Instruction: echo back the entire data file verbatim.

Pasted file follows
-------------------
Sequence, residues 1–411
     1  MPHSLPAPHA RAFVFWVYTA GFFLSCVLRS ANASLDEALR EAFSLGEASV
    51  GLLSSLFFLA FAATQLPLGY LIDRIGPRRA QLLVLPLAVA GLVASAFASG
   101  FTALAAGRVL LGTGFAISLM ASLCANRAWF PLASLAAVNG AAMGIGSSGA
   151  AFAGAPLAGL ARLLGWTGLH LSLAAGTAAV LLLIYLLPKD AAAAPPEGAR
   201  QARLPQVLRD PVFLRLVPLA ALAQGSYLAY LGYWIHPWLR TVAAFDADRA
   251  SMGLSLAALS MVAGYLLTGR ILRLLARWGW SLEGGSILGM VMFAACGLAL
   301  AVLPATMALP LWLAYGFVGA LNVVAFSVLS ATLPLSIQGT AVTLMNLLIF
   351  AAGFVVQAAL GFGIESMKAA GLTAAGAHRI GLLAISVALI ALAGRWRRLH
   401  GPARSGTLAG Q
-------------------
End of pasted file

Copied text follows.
Sequence, residues 1–411
     1  MPHSLPAPHA RAFVFWVYTA GFFLSCVLRS ANASLDEALR EAFSLGEASV
    51  GLLSSLFFLA FAATQLPLGY LIDRIGPRRA QLLVLPLAVA GLVASAFASG
   101  FTALAAGRVL LGTGFAISLM ASLCANRAWF PLASLAAVNG AAMGIGSSGA
   151  AFAGAPLAGL ARLLGWTGLH LSLAAGTAAV LLLIYLLPKD AAAAPPEGAR
   201  QARLPQVLRD PVFLRLVPLA ALAQGSYLAY LGYWIHPWLR TVAAFDADRA
   251  SMGLSLAALS MVAGYLLTGR ILRLLARWGW SLEGGSILGM VMFAACGLAL
   301  AVLPATMALP LWLAYGFVGA LNVVAFSVLS ATLPLSIQGT AVTLMNLLIF
   351  AAGFVVQAAL GFGIESMKAA GLTAAGAHRI GLLAISVALI ALAGRWRRLH
   401  GPARSGTLAG Q